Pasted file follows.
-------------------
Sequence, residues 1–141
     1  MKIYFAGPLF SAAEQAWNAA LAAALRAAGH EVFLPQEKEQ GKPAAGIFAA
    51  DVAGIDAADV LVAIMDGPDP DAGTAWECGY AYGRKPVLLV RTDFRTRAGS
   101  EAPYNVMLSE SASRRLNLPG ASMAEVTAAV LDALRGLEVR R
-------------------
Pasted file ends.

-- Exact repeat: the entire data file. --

Sequence, residues 1–141
     1  MKIYFAGPLF SAAEQAWNAA LAAALRAAGH EVFLPQEKEQ GKPAAGIFAA
    51  DVAGIDAADV LVAIMDGPDP DAGTAWECGY AYGRKPVLLV RTDFRTRAGS
   101  EAPYNVMLSE SASRRLNLPG ASMAEVTAAV LDALRGLEVR R